Monday, March 12, 2007

An emerging crisis in Pakistan?

The boycott of the courts by lawyers in Pakistan, a topic poorly covered in American news outlets, could reveal a significant turn of affairs for the country. Musharraf has placed the Chief Justice under house arrest for reasons that are unstated so far but are presumed to be the Justice’s willingness to hear cases of “disappearance” that apparently the government doesn’t want heard. Is there something it doesn't want revealed? Whoever these “disappeared” persons are, they are a significant number. As in Iran in the 1970s the scale of "disappearances" can indicate a growing discontent with the government that it somehow thinks it must quash to stay in control. It has been said to me that the people now have few places to turn for redress: the President holds office with unconvincing credentials; the Parliament appears to be toothless, unable to stray ouside of Musharraf's wishes. The one place where middle class folks (the poor have no leverage at all) may hope to get some redress is the courts. Musharaf’s Chief Justice has been willing to hear cases of abuse of power by the government. And now, even though under house arrest, he is unwilling to resign. This is the setting of the boycott by hundreds of lawyers. They are demonstrating all over the country. These men represent the middle class, not the downtrodden poor: that they are willing to face police beatings suggests that Pakistan could be facing a serious crisis. The American administration regards Musharraf as their "friend" in Pakistan but he could be on the way out -- or couldn't he?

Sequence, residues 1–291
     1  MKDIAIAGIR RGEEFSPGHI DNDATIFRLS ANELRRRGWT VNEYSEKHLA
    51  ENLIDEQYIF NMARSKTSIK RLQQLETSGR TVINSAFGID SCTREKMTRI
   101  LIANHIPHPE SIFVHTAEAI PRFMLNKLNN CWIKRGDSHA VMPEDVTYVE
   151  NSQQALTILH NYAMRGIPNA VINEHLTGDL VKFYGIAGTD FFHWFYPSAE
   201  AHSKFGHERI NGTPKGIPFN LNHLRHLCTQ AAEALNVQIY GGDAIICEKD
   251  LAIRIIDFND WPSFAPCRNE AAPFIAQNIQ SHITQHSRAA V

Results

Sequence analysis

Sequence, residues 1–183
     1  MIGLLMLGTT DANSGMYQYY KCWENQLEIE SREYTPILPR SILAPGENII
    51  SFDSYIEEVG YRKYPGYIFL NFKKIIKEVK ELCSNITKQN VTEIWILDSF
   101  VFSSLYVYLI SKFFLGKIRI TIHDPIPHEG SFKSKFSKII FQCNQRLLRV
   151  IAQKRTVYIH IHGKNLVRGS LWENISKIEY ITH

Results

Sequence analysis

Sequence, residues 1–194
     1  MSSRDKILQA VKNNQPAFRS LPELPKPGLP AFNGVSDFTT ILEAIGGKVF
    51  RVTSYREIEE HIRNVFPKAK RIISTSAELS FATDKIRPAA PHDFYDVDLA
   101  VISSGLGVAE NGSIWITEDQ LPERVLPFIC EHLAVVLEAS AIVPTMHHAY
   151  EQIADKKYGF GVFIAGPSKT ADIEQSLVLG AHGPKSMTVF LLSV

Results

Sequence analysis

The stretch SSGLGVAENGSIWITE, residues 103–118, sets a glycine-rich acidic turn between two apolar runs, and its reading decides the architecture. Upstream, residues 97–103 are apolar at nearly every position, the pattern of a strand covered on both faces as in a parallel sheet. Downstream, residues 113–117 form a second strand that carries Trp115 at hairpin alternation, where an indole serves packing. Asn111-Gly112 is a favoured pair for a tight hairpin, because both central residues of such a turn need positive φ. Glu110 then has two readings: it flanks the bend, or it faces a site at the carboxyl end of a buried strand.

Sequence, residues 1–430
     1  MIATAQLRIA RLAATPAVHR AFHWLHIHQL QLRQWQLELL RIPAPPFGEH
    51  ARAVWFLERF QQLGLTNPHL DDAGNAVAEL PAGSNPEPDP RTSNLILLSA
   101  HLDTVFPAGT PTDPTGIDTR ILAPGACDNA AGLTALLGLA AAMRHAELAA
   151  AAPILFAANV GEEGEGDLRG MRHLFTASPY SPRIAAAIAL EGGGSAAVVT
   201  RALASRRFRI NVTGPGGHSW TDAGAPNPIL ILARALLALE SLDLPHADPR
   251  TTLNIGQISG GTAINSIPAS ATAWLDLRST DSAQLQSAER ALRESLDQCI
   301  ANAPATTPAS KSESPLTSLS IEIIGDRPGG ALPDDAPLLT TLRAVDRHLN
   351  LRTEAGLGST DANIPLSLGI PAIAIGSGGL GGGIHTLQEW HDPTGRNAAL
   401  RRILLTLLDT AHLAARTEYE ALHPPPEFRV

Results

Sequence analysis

The BBC says that “In Lahore, more than 20 lawyers were injured in clashes with police. Hundreds of lawyers wearing black suits rallied in other cities.” . . . The judge is a controversial figure noted for his firm line on government misdeeds and human rights abuses. … Rallies attended by hundreds of black-suited lawyers were also held in the capital, Islamabad, and in other cities including Karachi and Quetta. The Bar Association says the court shutdown is total. "It's a complete boycott of the superior and lower courts by all lawyers," Court Bar Association president Munir Malik told the AFP news agency.

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